Why was the creation of philosophy so important to us humans? After all, we are curious and we always want answers, and philosophy was a field of thinking that helped develop sciences. But how did the creation of philosophy contribute to science and human development? Because science helps us develop? Yes, philosophy did create science, but we are curious, as I mentioned. Are there any notable contributions to science made by philosophy?

My question is: Why and how was the creation of philosophy so important to contributions to science and human development?

Note: human development: not practically a direct connection with philosophy, but a connection through science. No timestamp included; talking about the entire history of philosophy.

  • This question is too broad, too vague, and too subjective for this site, "importance to human development" depends on one's priorities, and one so inclined can write a book about importance of philosophy for any particular development in science. If this is a class assignment please provide more context and your own thinking on the matter. Otherwise consult online posts like Importance of Philosophy in Human Life and narrow the question to something much more specific.
    – Conifold
    Aug 13 '18 at 7:17
  • @Conifold, although I don't agree with your statement, I did edit the question a bit, and narrowed it to contributions to science and human development, will narrow it more if I see the need, Thanks for your comment!
    – captindfru
    Aug 13 '18 at 7:26
  • 1
    @DanHicks, the question asks about the creation of philosophy which happened earlier than in the last 20 years.
    – rus9384
    Aug 13 '18 at 14:48
  • If I may recommend reading Dr. Wilson's testimony before Congress for the construction of Fermilab. Technically he is discussing sciences, but I think it's reasonably easy to read between the lines and see the philosophy between them.
    – Cort Ammon
    Aug 13 '18 at 15:35

From the New Science of Giambattista Vico, book II, chapter II:

But because metaphysics is the sublime science which distributes their determinate subject matters to all the so-called subaltern sciences; and because the wisdom of the ancients was that of the theological poets, who without doubt were the first sages of the gentile world; and because the origins of all things must by nature have been crude: for all these reasons we must trace the beginnings of poetic wisdom to a crude metaphysics.

From this, as from a trunk, there branch out from one limb logic, morals, economics, and politics, all poetic; and from another, physics, the mother of cosmography and astronomy, the latter of which gives their certainty to its two daughters, chronology and geography - all likewise poetic.


I think the most natural answers are the contributions to science by Popper and Kuhn. They developed what I would loosely consider "ground rules" which ensure science stays on point. Popper advanced the concept of falsification, which provides a key piece of humility to science: science never proves anything. It merely disproves theories which are inconsistent with reality. Using the terminology of the scientific method as taught in schools, we never prove the alternate hypothesis to be true. We merely reject the null hypothesis because it is statistically unlikely to be true.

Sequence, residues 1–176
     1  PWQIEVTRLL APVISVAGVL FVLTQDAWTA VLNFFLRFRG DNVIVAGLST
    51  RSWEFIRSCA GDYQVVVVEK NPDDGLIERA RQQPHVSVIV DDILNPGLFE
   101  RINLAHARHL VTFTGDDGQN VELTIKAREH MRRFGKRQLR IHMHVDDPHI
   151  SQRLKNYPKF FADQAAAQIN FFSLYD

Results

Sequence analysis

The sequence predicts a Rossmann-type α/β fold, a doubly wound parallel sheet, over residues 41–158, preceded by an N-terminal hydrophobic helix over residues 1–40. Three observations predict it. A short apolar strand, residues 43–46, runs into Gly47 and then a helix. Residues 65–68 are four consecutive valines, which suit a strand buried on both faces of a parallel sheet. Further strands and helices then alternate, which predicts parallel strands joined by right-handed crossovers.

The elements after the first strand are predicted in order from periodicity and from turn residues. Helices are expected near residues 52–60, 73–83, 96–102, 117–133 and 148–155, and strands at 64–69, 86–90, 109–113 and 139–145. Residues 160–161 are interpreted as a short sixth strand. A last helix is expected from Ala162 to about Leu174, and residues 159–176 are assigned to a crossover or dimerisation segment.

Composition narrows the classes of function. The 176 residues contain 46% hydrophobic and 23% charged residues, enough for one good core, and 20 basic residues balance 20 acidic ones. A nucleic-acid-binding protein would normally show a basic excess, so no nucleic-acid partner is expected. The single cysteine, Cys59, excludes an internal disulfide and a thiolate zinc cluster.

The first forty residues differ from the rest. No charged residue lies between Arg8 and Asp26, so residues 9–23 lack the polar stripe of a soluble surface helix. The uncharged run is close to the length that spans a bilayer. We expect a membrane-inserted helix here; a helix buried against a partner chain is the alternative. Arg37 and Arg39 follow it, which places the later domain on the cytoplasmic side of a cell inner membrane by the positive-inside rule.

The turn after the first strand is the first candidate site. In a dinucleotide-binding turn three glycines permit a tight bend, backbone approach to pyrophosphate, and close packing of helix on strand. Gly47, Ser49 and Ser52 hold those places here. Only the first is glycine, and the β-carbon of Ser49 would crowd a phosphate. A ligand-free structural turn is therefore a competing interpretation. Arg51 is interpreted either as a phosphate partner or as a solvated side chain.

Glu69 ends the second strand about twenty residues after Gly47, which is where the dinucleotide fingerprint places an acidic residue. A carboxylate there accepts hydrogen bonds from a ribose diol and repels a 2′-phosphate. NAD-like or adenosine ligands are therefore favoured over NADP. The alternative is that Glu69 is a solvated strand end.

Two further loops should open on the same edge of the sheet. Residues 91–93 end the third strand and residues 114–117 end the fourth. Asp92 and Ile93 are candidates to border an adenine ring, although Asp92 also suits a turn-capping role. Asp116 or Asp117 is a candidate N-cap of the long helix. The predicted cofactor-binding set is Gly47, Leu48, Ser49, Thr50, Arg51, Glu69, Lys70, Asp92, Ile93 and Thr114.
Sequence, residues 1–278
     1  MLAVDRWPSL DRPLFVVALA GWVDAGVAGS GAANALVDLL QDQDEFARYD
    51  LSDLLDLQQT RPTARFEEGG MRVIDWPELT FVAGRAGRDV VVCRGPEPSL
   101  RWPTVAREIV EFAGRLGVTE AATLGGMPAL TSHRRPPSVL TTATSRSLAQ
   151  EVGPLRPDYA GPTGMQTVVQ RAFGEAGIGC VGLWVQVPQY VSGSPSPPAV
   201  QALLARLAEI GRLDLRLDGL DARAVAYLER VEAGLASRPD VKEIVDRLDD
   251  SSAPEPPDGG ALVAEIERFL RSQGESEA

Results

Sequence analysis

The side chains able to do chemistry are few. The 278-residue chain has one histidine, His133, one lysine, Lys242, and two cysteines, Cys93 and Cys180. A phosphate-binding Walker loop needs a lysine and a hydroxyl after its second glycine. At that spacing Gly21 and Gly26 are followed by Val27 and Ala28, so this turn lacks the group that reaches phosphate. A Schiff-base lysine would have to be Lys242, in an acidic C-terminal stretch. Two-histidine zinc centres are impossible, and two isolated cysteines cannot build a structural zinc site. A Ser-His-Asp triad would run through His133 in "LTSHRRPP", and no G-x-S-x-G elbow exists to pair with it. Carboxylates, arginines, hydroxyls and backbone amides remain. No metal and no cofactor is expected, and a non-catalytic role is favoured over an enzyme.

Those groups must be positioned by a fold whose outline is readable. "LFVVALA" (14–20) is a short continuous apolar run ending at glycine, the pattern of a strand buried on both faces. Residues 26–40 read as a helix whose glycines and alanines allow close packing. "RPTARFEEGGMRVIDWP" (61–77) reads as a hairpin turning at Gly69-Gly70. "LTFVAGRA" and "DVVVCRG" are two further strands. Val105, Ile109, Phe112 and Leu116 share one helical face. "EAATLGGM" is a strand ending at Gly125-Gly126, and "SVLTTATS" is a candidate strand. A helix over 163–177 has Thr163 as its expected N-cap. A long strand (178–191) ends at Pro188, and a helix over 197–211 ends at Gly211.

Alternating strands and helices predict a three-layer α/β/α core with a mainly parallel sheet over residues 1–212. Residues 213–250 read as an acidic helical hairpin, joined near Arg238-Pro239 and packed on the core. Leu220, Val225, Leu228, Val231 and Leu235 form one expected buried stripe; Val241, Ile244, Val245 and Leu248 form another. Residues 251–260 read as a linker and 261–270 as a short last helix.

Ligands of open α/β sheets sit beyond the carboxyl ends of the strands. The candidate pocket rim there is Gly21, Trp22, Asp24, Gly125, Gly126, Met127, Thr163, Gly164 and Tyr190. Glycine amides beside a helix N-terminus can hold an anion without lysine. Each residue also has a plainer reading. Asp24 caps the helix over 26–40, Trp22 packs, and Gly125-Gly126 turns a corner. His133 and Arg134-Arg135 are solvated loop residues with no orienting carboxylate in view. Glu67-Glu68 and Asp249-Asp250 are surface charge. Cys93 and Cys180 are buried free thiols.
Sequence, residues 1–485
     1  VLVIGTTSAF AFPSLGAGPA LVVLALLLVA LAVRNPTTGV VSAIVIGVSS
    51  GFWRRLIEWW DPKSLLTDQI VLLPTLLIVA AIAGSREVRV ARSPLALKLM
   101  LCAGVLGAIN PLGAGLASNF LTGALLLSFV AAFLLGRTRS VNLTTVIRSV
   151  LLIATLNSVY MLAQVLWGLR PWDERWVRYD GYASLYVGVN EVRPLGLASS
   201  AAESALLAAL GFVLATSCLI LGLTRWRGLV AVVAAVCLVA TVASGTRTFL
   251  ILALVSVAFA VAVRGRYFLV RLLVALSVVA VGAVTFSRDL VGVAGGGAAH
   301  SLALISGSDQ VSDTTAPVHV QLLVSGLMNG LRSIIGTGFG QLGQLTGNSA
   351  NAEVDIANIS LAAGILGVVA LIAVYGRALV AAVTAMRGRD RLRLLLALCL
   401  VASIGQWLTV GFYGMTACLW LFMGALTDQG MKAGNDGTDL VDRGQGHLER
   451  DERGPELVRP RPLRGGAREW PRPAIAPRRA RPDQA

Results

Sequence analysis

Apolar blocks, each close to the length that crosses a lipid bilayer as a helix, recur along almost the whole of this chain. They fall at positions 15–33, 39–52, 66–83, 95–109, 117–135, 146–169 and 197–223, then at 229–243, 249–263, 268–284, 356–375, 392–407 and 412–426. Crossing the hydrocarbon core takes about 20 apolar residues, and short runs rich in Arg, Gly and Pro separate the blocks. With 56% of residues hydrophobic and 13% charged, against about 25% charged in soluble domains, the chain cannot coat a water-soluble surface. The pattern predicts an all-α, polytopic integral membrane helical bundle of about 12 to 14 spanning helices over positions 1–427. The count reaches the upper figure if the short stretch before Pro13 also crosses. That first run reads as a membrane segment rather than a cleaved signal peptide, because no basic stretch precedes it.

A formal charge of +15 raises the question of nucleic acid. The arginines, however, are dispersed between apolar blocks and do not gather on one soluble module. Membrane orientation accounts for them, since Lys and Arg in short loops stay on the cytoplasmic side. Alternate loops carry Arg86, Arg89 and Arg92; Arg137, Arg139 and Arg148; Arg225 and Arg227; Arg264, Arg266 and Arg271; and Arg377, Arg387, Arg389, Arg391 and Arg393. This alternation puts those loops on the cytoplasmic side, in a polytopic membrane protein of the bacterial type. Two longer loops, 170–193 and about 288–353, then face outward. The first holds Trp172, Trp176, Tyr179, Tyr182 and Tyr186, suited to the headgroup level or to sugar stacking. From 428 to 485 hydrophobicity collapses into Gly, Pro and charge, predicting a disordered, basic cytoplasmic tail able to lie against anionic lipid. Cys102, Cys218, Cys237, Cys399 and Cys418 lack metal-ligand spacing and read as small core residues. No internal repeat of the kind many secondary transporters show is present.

Kuhn built on this and added a social aspect to science. Kuhn's theories claim that science runs through two phases. In one phase, there is a strong effort to demonstrate that the current theories work, and refine them into better theories. In the other phase, completely new theories are created to replace the old theories entirely. I would argue it's Kuhn's work that permits one to talk about "scientific truths," because he is the one who defined the social constructs which capture that.

Beyond that, I think most of the time it's the philosophy providing a stable foundation for the science. I'd say its analogous to the famous ad by BASF, a chemical company:

At BASF, we don't make a lot of the products you buy, we make a lot of the products you buy better.

And sometimes, it's really hard to tell the philosophy apart from the science. If you read Dr. Wilson's testimony before Congress for the construction of Fermilab, I find it's not easy to see where the boundary between the science and the philosophy lies. In such cases, what you describe is a demarcation problem. You have two things intimately entwined together, and you ask what the contribution of one half is. But it wasn't clear where to draw the line in the first place. None the less, I think there are reasonable arguments to be made for the contributions of philosophy to furthering science. Philosophy shows science its place, as all of science's arguments fit square in the philosophical concept of empiricism. Given that there's a known demarcation problem separating science from pseudo-science, I think providing some bounds on science is a value added effort. At the very least, philosophy can give you a framework within which you can prove that some concepts, like God or freewill, are simply out of scope for science. That makes science more efficient, as it isn't busy wasting its time on things like that.

  • 2
    I think saying that "Kuhn built on Popper" is very misleading. They were bitter opponents with radically different views of what science is or should be, how it developed, etc. In particular, Kuhn denied existence of any "ground rules", and saw his work as purely descriptive, his view of "scientific truths" was relativistic, "you cannot simply describe the other science as false", etc. Popper in turn called his view a "disaster". To the extent that Kuhn (and Feyerabend) built on something it was Quine, with whom he worked in 1950-s, not Popper, specifically his holism and skepticism.
    – Conifold
    Aug 14 '18 at 0:39

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